Iowa Bill Limits Employer Liability if Teens Hurt on Job

27 Feb, 2023 Liz Carey


Des Moines, IA ( – A new bill under consideration in Iowa would not only allow younger teens to work in dangerous jobs, but exempt businesses from liability if they get hurt. 

The bill, Senate File 167 filed in early February by Sen. Jason Schultz increases the jobs that 14- and 15-year-olds can perform, and allows them to work longer in the evening. The bill also includes a provision that would seemingly strip those same teens of the ability to collect workers’ compensation if they’re hurt in a work-based learning program.  

Section 92.24 of the bill states, “The bill provides that a business that accepts a secondary student in a work-based learning program shall not be subject to civil liability for specified claims relating to the student’s work in the program. This provision shall not be construed to provide immunity for a student or business for civil liability arising from gross negligence or willful misconduct. 

Cedar Rapids labor attorney and former legislator Nate Willems told Iowa Starting Line that the bill undermines existing child labor laws and the workers’ compensation system.  

“The worker’s compensation system … has existed for 100 years as a no-fault system,” Willems said. “In this situation, any injury to the student would be on his or her family and their health insurance.” 

The bill would mean that teens in work-based learning programs would be the only people in the state who could not collect workers’ compensation claims if they are injured on the job, he said.  

Currently, children under the age of 14 can work on their family’s farm or business, or do limited types of work for others. The bill also outlines what kinds of work 14- and 15-year-olds can do – like retail, food service, office and clerical work, modeling and artwork, window trimming, errand and delivery work, cleaning, car washing, and auto repair. 

Children under 18, the current law states, can’t work in slaughterhouses, meatpacking plants, mining; operating power-driven metal former, punching or shearing machines; or operating band saws, among a few other things. 

The proposed legislation change a number of things, the hours a child could work. During the school year, 14- and 15-year-olds would be allowed to work until 9 p.m., instead of 7 p.m. under the proposed legislation. During the summer, the hours would extend to 11 p.m. Additionally, the number of hours worked in a day would extend to six.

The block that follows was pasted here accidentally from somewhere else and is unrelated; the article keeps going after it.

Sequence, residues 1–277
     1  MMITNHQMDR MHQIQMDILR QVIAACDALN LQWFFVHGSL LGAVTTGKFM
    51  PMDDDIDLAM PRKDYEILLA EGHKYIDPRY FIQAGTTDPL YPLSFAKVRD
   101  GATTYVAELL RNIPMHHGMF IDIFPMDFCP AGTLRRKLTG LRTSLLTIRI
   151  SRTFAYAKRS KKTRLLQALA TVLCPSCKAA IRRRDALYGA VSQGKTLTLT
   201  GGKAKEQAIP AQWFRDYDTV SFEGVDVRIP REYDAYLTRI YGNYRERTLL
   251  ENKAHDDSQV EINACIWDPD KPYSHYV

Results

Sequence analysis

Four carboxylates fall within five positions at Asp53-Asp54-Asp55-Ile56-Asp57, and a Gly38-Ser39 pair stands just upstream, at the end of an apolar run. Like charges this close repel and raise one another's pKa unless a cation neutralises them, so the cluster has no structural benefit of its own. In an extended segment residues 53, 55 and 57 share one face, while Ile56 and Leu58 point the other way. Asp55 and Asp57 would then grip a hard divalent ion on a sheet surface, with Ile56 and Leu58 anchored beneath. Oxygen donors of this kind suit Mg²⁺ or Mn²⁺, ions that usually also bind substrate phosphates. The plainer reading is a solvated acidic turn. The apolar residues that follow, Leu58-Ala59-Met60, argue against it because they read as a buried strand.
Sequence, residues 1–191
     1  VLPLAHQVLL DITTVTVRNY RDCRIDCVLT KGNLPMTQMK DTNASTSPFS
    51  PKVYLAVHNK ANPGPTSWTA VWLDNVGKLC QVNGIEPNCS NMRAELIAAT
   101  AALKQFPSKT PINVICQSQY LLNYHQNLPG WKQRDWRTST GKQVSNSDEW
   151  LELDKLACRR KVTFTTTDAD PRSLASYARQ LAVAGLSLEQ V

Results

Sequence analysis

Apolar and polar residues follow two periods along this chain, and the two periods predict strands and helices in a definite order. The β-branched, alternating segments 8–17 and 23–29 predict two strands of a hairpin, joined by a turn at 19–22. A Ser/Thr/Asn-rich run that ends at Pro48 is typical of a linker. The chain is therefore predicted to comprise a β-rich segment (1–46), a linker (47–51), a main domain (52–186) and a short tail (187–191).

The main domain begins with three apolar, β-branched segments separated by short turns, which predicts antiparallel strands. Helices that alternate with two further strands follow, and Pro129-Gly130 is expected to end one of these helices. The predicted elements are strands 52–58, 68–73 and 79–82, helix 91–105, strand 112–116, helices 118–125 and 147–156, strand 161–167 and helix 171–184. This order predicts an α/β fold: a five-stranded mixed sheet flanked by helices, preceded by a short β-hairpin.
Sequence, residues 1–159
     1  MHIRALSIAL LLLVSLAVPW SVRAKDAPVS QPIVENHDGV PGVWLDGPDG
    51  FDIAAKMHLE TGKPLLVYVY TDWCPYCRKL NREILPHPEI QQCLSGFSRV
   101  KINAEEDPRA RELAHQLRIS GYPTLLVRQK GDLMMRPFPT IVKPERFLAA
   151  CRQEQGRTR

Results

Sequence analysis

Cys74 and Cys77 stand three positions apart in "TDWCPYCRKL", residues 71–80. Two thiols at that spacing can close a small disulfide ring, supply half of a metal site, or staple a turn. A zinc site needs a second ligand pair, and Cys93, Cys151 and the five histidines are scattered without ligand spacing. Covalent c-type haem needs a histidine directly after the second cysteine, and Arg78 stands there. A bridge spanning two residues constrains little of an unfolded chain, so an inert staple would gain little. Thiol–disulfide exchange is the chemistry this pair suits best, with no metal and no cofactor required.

As part of the new bill, 14-year-olds would be permitted to do all the work 15-year-olds can do, as well as working in industrial freezers and meat coolers, load and unload “light” tools from vehicles, unloading light tools from vehicles, working in an industrial laundry, and detailing. The new bill also allows 14- and 15-year-olds to work in freezers and meat coolers.  

Children who are 15-years-old would be able to stock shelves with items weighing up to 30 pounds (up to 50 pounds with a waiver from the Iowa Commissioner of Labor; work as a lifeguard and work on a light assembly line (with a waiver from the commissioner).  

The proposed legislation would also allow the director of Iowa Workforce Development or the Department of Education to “grant an exception from any provision,” including “hazardous work,” if that work is done within a “work-based learning program. Those asking for exceptions will have to demonstrate that the work is “performed under adequate supervision and training;” and that “the training includes adequate safety precautions.” Additionally, the work should not interfere with the health, well-being or education of the child, the legislation proposes.  

Critics argue that the bill is a “complete rewrite of our child labor laws.”  

Charlie Wishman with the Iowa Federation of Labor AFL-CIO, whose organization opposes the bill said the bill puts children in harms way.  

“Not only is this ripping up at least 100 years of child labor law that this labor movement has worked for, it seriously puts children at risk on job sites without having any form of legal liability protection,” he said. 

Advocates for the bill say it will open up the labor force as Iowa businesses struggle to attract more adults to the workforce.   

As of Feb. 24, the bill was recommended for approval by the Labor subcommittee and waiting further action. 

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    • Liz Carey

      Liz Carey has worked as a writer, reporter and editor for nearly 25 years. First, as an investigative reporter for Gannett and later as the Vice President of a local Chamber of Commerce, Carey has covered everything from local government to the statehouse to the aerospace industry. Her work as a reporter, as well as her work in the community, have led her to become an advocate for the working poor, as well as the small business owner.

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